New paper online.

Our study about regulation of synaptic vesicle recycling at excitatory synapses by Amyloid beta and alpha7 nicotinic acetylcholine receptors is online.

Anni et al., (2021) demonstrated that Aβ1-42 and Aβ1-16, but not Aβ17-42, increased size of the recycling pool of synaptic vesicles (SV). This presynaptic effect was driven by enhancement of endogenous cholinergic signalling via α7 nicotinic acetylcholine receptors, which led to activation of calcineurin, dephosphorylation of synapsin 1 and consequently resulted in reorganization of functional pools of SV increasing their availability for sustained neurotransmission. These results identify synapsin 1 as a molecular target of Aβ and reveal an effect of physiological concentrations of Aβ on cholinergic modulation of glutamatergic neurotransmission.

Congratulations Dani and thanks to the whole team!

We discussed this topic extensively at our symposium at the 14th meeting of German neuroscience society in the symposium S26  Regulation of synaptic vesicle recycling: from physiology to disease.

What a day!

Yesterday, after the work, we took our backpacks and climbed over the hill to look over town of Erlangen. Then we spent nice evening in the beer-garden in Atzelsberg.

New paper

Zoicas et all described new mouse model of depression where acid sphyngomyelinase (Smpd1) was overexpressed exclusively in the forebrain. Thanks for nice collaboration Iulia and Cosima!

New paper is online

Our work on the role of CtBP1 in retrieval of synaptic vesicles is online.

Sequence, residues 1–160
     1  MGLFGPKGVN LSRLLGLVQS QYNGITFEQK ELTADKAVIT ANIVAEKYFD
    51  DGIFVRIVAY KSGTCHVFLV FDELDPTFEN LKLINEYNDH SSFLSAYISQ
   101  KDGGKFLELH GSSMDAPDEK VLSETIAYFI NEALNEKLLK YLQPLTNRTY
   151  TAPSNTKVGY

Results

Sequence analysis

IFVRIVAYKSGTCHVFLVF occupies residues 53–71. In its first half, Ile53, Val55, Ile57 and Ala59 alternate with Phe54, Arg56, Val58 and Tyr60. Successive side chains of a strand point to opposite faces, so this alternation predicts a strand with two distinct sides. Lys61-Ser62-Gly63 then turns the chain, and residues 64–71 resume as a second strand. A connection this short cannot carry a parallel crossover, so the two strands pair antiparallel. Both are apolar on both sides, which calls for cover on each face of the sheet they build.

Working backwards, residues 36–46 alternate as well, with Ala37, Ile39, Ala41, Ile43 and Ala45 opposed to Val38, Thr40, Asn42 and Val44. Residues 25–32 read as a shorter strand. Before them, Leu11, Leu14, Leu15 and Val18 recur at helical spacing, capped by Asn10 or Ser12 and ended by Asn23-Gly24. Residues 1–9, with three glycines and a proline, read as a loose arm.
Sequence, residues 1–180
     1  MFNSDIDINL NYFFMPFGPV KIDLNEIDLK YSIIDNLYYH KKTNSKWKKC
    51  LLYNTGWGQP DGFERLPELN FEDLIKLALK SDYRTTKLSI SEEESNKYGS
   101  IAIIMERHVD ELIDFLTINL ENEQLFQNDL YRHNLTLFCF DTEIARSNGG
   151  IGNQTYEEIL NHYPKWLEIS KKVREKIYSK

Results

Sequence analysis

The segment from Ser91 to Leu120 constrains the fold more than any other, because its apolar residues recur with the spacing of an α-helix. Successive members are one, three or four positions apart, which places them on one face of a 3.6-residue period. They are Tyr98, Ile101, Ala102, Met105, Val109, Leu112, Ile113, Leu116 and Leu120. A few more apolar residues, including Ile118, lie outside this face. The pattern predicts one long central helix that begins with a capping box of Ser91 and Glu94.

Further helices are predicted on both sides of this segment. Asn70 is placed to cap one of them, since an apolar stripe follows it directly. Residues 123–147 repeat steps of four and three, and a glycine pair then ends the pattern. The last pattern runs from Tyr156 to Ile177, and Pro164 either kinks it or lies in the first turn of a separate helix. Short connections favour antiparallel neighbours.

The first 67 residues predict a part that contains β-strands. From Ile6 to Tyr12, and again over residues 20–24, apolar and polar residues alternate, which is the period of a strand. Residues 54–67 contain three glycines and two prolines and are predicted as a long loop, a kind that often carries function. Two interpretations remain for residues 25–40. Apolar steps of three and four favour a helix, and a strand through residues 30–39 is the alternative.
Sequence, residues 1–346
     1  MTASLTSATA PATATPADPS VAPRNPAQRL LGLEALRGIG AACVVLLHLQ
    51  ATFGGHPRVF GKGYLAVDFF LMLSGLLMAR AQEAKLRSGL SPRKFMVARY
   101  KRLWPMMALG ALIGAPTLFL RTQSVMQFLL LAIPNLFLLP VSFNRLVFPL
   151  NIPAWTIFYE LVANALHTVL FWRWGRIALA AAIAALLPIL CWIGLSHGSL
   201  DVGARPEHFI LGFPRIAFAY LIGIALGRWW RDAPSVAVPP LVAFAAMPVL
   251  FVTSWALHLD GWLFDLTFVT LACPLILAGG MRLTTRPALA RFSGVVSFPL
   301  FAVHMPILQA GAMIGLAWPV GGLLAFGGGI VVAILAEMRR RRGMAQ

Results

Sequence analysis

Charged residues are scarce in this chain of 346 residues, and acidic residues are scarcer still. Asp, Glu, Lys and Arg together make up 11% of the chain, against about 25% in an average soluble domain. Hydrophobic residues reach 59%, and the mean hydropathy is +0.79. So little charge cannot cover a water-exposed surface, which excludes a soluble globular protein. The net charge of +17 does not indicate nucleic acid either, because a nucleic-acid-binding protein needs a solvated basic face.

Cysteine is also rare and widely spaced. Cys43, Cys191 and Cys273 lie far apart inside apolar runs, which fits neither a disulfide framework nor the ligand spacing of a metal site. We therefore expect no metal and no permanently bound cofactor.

Ivanova et al. demonstrate a dual role of CtBP1 in synaptic transmission. Nuclear CtBP1 restricts synaptogenesis and vesicular release probability, whereas presynaptic CtBP1 promotes compensatory endocytosis via activation of the lipid enzyme PLD1. Phosphorylation by Pak1 controls the redistribution of CtBP1 from active zones toward endocytic sites linking presynaptic exo- and endocytosis.

Bye, bye 2019: It was a great year!

I neglected updating the website over last months. It was really busy year and here are only few lab events to share now. Better late than never!

Lab Outing at the Christmas Market in Erlangen; December 2019

New paper online!

New paper of our collaborators Martin Heine and David Holcman about splice variants of Cav2.1, their molelcualr dynamics and effect on neurotransmission is just published in Neuron. Congratulations Martin and David, well done! Thanks, that we could contribute to this nice study!

Heck et al., 2019

Presynaptic CaV2.1 channels are confined in nanodomains, for which size and dwell time are modulated by network activity. Heck et al. show that changing the affinity to scaffold proteins by alternative splicing of CaV2.1 directly affects short-term plasticity.